Russian missile hits apartment building in eastern Ukraine

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A Russian missile has struck an apartment building in the centre of Kramatorsk, killing at least one person and wounding three others in one of Ukraine’s major city strongholds in its eastern Donetsk region.

Ukrainian president Volodymyr Zelensky said that six apartment buildings were damaged in the blast and rescue efforts were continuing.

He posted a video showing gaping holes in the facade of the low-rise building that bore the brunt of the strike.

The Ukrainian general prosecutor’s office and regional governor Pavlo Kyrylenko also reported on the attack, posting photos of the building with mounds of rubble in front of it.

Russia Ukraine War
One person has been killed in the missile strike (Roman Chop/AP)

“Russian troops are striking residential buildings, schools and hospitals, leaving cities on fire and in ruins,” Mr Kyrylenko said on Ukrainian television. “The Russians mark each metre of their advance in the region not only with their own blood, but also with the lives of civilians.”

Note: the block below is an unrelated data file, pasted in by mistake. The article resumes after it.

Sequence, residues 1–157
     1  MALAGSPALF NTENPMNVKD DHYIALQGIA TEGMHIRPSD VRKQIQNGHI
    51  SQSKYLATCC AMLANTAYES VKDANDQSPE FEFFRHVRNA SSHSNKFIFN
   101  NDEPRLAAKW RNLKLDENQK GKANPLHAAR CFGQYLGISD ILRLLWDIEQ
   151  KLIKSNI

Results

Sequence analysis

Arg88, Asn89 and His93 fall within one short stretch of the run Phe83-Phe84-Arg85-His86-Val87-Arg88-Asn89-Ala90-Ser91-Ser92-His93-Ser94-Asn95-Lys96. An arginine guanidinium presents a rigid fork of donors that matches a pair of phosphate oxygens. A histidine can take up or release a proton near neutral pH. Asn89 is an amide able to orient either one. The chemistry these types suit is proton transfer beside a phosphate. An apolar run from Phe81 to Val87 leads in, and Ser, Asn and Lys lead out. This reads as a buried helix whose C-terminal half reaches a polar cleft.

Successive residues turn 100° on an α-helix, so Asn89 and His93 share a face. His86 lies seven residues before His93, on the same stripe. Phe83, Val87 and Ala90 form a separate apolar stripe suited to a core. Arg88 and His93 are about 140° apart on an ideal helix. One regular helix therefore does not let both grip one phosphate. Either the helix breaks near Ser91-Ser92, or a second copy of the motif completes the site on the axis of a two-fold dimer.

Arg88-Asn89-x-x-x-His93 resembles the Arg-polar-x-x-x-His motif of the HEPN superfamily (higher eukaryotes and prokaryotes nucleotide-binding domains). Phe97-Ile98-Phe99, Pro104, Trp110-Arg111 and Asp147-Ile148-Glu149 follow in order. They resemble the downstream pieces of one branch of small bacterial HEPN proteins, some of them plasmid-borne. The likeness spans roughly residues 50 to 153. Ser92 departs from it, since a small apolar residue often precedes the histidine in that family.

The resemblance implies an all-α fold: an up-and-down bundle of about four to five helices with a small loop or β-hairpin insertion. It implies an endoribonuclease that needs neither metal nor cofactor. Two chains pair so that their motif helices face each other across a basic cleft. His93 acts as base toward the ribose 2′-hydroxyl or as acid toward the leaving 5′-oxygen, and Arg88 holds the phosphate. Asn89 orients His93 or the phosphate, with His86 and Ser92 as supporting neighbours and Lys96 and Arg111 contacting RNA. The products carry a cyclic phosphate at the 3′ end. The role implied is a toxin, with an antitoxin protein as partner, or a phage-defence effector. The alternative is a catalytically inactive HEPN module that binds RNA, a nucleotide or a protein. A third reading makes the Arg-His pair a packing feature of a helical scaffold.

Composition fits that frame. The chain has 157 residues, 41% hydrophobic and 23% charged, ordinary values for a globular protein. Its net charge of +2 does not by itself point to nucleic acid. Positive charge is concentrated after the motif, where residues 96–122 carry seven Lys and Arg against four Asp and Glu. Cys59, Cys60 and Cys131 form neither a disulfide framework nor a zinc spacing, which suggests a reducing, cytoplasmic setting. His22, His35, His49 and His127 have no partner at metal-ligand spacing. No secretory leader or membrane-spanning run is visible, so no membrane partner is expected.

Kramatorsk houses the local Ukrainian army headquarters. Ukrainian authorities say it has been regularly targeted by Russian shelling and other attacks in the past.

A missile strike on the city’s train station last April, which Kyiv and much of the international community blamed on Moscow, killed several dozen people and wounded more than 100.

Russia had welcomed a Chinese peace proposal to end the fighting but Kremlin spokesman Dmitry Peskov said that Kyiv’s refusal to have talks leaves Moscow with only military options.

Beijing has said it has a “no limits friendship” with Russia and has refused to criticise Moscow’s invasion, or even refer to it as an invasion.

“We must achieve our goals,” Mr Peskov told reporters. “Given the current stance of the Kyiv regime, now it’s only possible by military means.”

However, Moscow’s pursuit of its goals in Ukraine has been slowed by poor war management and a lack of resources after being beaten back at the end of last year in a Ukrainian counter-offensive, military analysts say.

The UK’s Ministry of Defence said on Tuesday that Russia’s artillery ammunition shortages “have likely worsened to the extent that extremely punitive shell-rationing is in force on many parts of the front”.

That shortcoming has “almost certainly been a key reason why no Russian formation has recently been able to generate operationally significant offensive action”, the MoD said.

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